Bobby Bones is using his talent for storytelling to share the lives of three very special veterans in the documentary short film Even Heroes Need Heroes. As part of their fourth annual “Service Dog Salute” campaign, Purina Dog Chow in partnership with Got Your Six Support Dogs tapped Bones—who has worked with this cause for a while—to serve as executive producer of the film. Using his creative vision, he sheds a very personal light on an issue that affects many of the men and women who have sacrificed so much in serving their country. In honor of Service Dog Awareness Month, the documentary follows the stories of three U.S. veterans whose lives have been impacted by post-traumatic stress disorder (PTSD) following their service. The film details ways in which they have found hope though being paired with service dogs that help them as they face a difficult path of coping and healing. It is through the gift of these life-changing dogs that they can regain aspects of everyday life that most people take for granted.
The cause is one that Bones is deeply passionate about, as he hopes that this short film will connect with viewers and paint the very powerful reality of what so many have to walk through every day.
“For me, I mean I got involved on a personal level with the radio show whenever I found out how much it cost to actually train a service dog,” explains Bones. “It was like $20,000, roughly for each of these dogs and then so many of our vets were coming back and not having the money or the support to actually get a service dog when they needed them…The more I learned about service dogs, it’s medicine. I mean we try to get people medicine when we need it, and these dogs really act as such…I’m very proud of what it shows, but hopefully what it does,” he says of the documentary.
Bones and Purina Dog Chow have been partnering together on the work that they were both doing individually for the cause, to provide an even bigger platform to help raise awareness and funds to ensure that veterans are taken care of after their service.
“What I learned is that as much as we think at times that we’re here for our veterans, there’s so much more that we can do,” he shares. “They’re going over and fighting for our freedoms, and they come back and at times they don’t have the support system that would be best for them at that moment. So, what I learned is as much as I’m doing, I’m never quite doing enough…Last year we just talked about this PAWS Act [The PAWS for Veterans Therapy Act (HR4305)] and we were like ‘Send a letter to your senator.’ Well, it just passed, but that’s step one. Now we’ve got to fund it and so there’s just so much that we can do for our veterans, and I just hope that when we show this documentary that people watch it…and go ‘Hey, I’d like to get involved in some capacity.”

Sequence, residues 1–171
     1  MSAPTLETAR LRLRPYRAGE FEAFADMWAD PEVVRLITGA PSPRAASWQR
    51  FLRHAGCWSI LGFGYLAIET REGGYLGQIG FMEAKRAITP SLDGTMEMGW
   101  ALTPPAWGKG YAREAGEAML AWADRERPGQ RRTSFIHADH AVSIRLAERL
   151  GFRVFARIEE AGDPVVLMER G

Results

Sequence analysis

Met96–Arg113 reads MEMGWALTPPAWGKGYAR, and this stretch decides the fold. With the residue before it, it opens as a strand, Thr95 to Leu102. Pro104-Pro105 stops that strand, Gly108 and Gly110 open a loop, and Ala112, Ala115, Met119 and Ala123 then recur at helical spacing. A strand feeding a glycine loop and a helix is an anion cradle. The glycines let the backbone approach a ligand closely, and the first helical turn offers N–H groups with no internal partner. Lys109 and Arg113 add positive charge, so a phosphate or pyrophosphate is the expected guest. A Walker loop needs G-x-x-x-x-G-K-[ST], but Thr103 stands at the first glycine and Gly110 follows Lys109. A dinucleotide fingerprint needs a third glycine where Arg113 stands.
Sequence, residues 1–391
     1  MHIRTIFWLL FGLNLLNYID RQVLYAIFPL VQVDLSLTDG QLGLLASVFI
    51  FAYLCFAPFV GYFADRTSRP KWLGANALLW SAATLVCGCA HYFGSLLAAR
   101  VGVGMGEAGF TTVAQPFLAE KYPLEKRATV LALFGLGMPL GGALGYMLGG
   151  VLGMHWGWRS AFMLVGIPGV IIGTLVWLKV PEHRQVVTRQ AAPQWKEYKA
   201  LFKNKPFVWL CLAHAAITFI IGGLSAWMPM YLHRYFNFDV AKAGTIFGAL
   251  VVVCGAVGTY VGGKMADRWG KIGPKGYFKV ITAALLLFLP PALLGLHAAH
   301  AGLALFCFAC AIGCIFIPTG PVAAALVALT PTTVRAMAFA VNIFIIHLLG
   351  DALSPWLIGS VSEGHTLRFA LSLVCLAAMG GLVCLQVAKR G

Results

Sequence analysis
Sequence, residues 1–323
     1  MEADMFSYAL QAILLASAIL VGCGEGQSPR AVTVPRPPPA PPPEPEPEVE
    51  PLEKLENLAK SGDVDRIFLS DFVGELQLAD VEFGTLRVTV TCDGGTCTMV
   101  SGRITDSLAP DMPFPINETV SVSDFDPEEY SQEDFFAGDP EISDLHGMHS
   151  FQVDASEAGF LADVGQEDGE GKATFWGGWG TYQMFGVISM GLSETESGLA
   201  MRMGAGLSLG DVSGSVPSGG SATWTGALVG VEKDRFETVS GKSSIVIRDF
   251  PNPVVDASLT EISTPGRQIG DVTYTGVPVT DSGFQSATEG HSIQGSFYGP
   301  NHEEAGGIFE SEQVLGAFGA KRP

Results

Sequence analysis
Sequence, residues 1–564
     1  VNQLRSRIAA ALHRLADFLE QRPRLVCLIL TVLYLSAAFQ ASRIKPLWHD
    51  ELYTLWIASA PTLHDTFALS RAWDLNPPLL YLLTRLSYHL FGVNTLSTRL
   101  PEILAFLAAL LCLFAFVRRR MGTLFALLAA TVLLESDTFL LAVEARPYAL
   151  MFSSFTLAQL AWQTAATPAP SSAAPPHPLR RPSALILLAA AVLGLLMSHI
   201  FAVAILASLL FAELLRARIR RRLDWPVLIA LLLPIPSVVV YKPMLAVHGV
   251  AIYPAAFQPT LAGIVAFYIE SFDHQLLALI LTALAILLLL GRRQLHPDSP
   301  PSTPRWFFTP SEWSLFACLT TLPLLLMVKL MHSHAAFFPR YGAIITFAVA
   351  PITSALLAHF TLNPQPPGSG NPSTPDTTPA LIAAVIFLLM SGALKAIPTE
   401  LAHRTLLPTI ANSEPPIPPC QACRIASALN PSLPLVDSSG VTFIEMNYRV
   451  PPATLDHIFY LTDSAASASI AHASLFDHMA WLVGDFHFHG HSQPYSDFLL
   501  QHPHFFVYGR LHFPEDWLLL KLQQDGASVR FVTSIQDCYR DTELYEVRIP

The goal of this campaign is to spark awareness and educate people on the topic, but also to drive action to help get service dogs to those veterans who need them.
“This year it’s about learning and if you can, helping. We’re trying to get people to finance this thing…Think about that. $20,000 for a dog to help someone to just help get their life back on track. They’re not asking for a mansion. They went and served us, they fought for us and they’re not coming back going ‘Hey, I need a million dollars.’ They’re coming back going ‘Is it possible that you guys can help me get my life back on a track so that I can continue living?’ And we owe them just that. So, this whole campaign is for awareness. It’s for people to watch the documentary. It’s for people to learn about some of the PTSD that they’re coming back with.”
The dogs in this documentary are extremely talented and show some of the many skills that service dogs can provide veterans. They not only help by providing companionship, but also serve as watch dogs, put veterans at ease by signaling when someone is coming from behind, retrieve items, turn lights on and on, and even wake them from nightmares.